Charities that can appeal to the emotions of young people and those that make pitches in lots of ways will fare the best in year-end appeals, according to a survey released today by Convio, the fund-raising software company.

Holiday giving this year will surpass $48-billion from more than 170 million American donors, with online contributions alone growing by 30 percent to more than $6-billion, the survey projected, based on the views of 1,148 people who plan to give during the holidays as well as a sampling of all American adults.

Seventy-four percent of American adults will make a year-end gift, many of them in response to at least two solicitation approaches, such as online appeals and supermarket checkout donations in 2010, the survey found.

Among the approaches that appeal to donors are direct mail (43 percent), supermarket checkouts and other such appeals at a store’s cash register (41 percent), buying something from a charity gift shop or catalog (25 percent), galas and other special fund-raising events (24 percent), online appeals (21 percent), or making a purchase from a company that gives a portion of the proceeds to charity (14 percent).

While some charities have added their holiday-giving catalogs and other appeals to Facebook and other social networks this year, the survey suggests that such efforts will have limited results. While 9 percent of the people polled said they expect to receive an online holiday appeal on Facebook, Twitter, or another social network this year, only 4 percent said they will make a year-end gift using those sites.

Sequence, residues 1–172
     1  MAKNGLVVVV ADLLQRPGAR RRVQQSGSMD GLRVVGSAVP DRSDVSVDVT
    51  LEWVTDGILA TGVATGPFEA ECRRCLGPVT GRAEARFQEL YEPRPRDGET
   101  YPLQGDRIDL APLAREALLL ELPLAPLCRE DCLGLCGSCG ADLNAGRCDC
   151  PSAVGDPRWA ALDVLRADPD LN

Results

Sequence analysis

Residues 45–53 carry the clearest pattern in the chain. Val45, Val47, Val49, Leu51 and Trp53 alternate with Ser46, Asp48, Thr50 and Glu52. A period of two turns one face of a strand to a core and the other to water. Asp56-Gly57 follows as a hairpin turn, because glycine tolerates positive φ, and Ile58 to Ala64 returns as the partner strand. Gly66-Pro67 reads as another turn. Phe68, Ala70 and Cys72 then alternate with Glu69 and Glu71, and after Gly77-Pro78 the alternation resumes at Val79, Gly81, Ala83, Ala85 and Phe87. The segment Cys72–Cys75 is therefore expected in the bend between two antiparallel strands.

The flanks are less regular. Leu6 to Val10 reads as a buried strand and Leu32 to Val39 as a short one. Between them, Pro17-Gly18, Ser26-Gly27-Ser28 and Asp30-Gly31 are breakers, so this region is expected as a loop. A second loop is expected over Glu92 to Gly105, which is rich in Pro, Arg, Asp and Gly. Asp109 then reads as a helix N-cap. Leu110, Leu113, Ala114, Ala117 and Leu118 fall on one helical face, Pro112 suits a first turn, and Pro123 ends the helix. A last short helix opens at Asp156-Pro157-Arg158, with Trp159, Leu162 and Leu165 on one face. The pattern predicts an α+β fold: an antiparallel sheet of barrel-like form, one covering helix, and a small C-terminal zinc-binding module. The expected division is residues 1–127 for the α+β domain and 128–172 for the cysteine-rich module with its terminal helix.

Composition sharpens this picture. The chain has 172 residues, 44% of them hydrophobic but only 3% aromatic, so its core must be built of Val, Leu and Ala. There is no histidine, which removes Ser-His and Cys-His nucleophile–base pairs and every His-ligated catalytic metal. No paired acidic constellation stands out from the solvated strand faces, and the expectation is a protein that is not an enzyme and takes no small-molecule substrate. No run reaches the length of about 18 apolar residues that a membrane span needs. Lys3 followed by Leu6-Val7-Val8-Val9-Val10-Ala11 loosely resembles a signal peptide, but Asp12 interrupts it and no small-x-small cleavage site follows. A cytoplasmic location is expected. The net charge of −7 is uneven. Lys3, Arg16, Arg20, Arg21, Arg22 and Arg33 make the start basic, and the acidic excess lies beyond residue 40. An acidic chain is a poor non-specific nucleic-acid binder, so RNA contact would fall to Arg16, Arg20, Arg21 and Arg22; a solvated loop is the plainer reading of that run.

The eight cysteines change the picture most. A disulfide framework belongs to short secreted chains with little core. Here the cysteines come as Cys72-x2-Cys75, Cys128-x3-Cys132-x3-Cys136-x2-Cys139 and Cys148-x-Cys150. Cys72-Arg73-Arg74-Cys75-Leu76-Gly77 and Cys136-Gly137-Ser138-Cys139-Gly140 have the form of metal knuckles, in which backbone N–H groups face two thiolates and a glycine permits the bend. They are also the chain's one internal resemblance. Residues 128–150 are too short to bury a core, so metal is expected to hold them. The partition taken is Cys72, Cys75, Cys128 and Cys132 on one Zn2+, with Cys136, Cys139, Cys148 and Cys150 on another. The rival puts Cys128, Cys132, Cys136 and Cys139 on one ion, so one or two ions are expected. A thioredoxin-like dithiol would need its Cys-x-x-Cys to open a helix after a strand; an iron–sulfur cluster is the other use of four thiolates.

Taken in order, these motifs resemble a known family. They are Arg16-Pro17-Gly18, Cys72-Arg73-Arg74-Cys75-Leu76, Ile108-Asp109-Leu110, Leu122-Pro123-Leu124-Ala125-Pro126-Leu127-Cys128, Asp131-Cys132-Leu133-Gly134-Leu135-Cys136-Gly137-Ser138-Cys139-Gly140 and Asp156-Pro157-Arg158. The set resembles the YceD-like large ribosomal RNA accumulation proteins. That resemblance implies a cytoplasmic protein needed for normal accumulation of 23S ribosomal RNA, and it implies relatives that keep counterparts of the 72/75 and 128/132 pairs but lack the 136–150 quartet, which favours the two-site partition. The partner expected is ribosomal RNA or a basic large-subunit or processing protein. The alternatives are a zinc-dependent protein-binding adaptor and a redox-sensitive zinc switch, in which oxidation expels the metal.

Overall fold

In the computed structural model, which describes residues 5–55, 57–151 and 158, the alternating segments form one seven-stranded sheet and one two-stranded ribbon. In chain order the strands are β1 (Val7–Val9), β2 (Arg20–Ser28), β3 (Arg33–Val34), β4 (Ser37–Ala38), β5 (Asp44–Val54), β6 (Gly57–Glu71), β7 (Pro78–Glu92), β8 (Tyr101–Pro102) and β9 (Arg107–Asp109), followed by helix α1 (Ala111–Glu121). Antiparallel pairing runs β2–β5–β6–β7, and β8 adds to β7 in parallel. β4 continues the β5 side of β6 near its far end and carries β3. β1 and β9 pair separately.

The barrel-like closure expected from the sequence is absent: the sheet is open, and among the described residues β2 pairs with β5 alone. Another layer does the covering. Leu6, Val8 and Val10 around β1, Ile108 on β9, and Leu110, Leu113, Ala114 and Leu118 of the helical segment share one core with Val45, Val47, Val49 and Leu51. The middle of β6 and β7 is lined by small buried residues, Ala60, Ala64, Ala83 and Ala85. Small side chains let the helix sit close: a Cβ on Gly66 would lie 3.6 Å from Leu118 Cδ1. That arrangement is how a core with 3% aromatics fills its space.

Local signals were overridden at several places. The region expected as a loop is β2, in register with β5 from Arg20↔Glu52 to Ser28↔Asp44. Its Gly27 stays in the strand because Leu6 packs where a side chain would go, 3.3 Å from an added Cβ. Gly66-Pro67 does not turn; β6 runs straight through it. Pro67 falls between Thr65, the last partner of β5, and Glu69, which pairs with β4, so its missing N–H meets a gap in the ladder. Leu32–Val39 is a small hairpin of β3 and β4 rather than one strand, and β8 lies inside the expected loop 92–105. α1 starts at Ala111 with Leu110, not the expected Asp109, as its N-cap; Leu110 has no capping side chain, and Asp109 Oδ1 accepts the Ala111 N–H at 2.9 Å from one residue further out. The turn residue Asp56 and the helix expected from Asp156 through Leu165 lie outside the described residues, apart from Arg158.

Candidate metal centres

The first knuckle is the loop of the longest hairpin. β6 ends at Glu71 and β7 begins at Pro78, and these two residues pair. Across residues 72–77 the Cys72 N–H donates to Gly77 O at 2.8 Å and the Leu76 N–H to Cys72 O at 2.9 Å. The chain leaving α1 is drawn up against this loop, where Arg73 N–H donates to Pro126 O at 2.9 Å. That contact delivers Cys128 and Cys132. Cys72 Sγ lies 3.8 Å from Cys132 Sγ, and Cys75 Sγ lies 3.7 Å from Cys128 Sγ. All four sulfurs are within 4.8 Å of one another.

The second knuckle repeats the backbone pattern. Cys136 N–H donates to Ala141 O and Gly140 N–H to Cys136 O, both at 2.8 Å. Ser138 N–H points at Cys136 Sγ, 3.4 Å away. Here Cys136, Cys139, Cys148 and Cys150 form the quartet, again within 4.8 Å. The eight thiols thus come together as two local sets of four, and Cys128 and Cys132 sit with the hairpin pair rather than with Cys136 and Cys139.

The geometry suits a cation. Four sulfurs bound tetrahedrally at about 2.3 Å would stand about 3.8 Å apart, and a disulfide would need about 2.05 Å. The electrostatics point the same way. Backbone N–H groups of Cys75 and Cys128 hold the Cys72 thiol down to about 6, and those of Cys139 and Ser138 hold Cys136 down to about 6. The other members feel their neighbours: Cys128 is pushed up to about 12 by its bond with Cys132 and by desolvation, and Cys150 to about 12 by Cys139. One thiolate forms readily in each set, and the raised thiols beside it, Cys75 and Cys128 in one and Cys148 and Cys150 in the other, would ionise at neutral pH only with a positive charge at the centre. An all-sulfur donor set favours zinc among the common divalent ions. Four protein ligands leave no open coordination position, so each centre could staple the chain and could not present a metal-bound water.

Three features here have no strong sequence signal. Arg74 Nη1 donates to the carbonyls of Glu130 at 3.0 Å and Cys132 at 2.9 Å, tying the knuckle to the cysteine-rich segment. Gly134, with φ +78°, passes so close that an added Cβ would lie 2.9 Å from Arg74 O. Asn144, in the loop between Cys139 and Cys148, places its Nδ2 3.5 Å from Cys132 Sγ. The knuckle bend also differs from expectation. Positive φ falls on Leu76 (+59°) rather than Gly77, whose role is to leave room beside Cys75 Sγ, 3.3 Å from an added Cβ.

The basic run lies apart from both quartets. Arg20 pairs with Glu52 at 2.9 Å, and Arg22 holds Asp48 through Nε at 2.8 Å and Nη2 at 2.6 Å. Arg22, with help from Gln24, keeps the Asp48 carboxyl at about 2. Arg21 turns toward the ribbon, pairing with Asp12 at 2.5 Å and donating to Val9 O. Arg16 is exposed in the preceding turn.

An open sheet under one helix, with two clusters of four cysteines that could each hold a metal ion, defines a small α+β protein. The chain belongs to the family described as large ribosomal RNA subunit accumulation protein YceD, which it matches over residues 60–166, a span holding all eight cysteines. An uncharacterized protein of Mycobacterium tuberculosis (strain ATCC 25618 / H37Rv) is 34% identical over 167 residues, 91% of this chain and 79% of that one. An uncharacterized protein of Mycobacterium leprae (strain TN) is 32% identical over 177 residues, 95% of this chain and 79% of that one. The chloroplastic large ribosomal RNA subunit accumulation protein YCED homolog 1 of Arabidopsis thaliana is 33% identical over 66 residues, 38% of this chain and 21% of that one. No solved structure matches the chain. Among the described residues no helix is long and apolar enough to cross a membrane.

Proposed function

Size of Average Gift

Among the nearly three-quarters of adults who contribute during the holidays, the average donation will be $281, the survey found. But people who give online said they would contribute more than that, an average of $378.

The poll found that donors in their 40s or younger intend to be more generous with their year-end gifts than older donors. Four in five of donors in that age group, said they would donate to charity over the holidays, compared with 71 percent of people in their 50s through their mid-60s and 66 percent of people older than that. Donors in their mid-30s or 40s said they would give the most by far, $348 on average, compared with donors 33 or younger ($241), people in their 50s to mid 60s ($251), or those older than that ($268).

Seventy-four percent of people polled said they respond to emotional solicitations that provide information on people, animals, or places in need of their assistance—far more that those who respond to messages that stress an organization’s track record (53 percent), its strategies for the coming year (51 percent), or tax deductions for giving (28 percent).

The researchers cited another study this year by Convio and Sea Change Strategies that found younger donors to be more random in their giving and sensitive to emotional messages. Taken together, they said, the findings suggest that the holidays may be an opportune time to appeal to younger donors who have been difficult for many charities to recruit.

The study was conducted for Convio by Edge Research, a company in Arlington, Va.
Source: The Chronicle of Philanthropy